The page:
The larger mound (15Be3) measured 131 feet in diameter and stood 20 feet tall. Before building the mound, the Adena people had erected a large (30-foot diameter) circular enclosure on the spot. The walls of this structure leaned outward slightly. There was no evidence that the walls had been bark-covered or that they had supported a roof. Rather, the enclosure probably functioned as some sort of screen that blocked ritual activities going on inside it from general view. Archaeologists found a large area of burned soil inside the enclosure, probably from a fire linked to the ritual activities.
While the circular enclosure was still in use, Adena people built a small earthen mound inside it, and buried the cremated remains of several individuals within it. Some time later, they covered both the circular enclosure and the mound with more soil.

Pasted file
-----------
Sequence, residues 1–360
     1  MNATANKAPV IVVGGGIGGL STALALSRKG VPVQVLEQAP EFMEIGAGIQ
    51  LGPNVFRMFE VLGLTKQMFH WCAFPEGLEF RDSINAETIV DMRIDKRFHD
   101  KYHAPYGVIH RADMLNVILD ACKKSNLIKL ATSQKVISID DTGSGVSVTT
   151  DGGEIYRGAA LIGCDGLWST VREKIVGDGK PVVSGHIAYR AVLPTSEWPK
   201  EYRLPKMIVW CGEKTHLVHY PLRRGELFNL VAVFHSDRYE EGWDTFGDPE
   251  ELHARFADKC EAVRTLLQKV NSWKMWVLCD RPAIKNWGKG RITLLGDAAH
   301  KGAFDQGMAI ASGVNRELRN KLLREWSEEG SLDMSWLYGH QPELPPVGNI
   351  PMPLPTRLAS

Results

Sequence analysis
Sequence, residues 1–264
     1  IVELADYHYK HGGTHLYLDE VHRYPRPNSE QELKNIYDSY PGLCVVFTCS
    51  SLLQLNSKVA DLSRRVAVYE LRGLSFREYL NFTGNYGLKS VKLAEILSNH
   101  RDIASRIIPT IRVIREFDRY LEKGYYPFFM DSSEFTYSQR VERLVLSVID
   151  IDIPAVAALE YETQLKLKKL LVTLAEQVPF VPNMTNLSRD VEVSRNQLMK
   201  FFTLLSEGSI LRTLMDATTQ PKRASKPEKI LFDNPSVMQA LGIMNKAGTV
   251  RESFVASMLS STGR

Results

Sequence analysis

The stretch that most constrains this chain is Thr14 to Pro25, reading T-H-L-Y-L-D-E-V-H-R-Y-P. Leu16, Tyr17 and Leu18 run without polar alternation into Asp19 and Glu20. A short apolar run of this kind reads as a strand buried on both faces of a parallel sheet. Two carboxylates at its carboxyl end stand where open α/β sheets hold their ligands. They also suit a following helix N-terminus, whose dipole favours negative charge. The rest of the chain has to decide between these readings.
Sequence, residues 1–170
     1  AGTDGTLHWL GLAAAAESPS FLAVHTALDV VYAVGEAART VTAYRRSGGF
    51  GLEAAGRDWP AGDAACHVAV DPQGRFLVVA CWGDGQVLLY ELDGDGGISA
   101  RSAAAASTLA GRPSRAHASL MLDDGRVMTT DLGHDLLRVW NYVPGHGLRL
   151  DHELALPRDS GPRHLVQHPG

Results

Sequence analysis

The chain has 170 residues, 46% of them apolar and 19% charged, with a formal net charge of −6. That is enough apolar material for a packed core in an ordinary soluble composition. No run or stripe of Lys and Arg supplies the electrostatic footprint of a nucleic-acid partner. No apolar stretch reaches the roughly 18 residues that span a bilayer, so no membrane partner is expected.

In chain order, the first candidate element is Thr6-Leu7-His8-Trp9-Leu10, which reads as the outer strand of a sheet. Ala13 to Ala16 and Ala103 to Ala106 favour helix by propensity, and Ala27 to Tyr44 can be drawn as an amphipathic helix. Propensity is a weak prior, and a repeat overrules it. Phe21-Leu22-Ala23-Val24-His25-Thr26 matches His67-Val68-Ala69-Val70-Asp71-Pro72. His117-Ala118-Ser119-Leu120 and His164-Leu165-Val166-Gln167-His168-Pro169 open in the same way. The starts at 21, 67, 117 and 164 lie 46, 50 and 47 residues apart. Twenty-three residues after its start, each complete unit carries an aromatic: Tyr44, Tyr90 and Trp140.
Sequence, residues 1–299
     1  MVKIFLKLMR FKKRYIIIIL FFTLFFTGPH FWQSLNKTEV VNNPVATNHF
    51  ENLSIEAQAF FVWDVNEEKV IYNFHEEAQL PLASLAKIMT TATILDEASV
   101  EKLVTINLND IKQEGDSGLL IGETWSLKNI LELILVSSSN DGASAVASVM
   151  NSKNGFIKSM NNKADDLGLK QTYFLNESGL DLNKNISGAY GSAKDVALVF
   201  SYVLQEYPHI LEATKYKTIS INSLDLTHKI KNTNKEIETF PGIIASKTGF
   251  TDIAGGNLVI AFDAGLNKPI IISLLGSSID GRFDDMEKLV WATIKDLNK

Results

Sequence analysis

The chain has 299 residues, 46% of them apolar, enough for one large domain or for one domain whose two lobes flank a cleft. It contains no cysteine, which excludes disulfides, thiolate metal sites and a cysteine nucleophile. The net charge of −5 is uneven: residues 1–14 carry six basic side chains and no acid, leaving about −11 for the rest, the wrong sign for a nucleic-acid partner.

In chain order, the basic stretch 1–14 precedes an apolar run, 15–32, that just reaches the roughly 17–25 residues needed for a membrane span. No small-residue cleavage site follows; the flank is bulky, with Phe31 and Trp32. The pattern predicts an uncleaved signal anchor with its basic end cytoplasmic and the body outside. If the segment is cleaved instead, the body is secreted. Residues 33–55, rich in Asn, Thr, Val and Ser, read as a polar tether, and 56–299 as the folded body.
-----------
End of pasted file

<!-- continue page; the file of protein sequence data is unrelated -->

In the years that followed, Adena groups who used the mound placed 52 log and bark-lined tombs within it, and it grew in size. Old and young adults, and males and females were represented in roughly equal numbers. Some tombs contained the remains of more than one individual, which suggests that mourners sometimes reused tombs. At least 100 individuals - 89 of which were interred in log and bark-lined tombs - eventually were buried in the mound.
During the mound's final period of use, Adena groups buried their dead in pits around it. Once the mound was no longer used as a cemetery, they capped it with a final layer of soil.
The smaller Robbins Mound (15Be14) was located about 100 feet south of the larger mound. It stood only about 2 feet high - historic plowing had reduced its height - and its diameter could not be determined. Unlike the larger Robbins Mound, 15Be14 held only one mortuary feature, probably a log-lined tomb containing from one to several individuals. The limited number of burials in this mound indicates that, in comparison to the larger mound, 15Be14 was used for a relatively short time.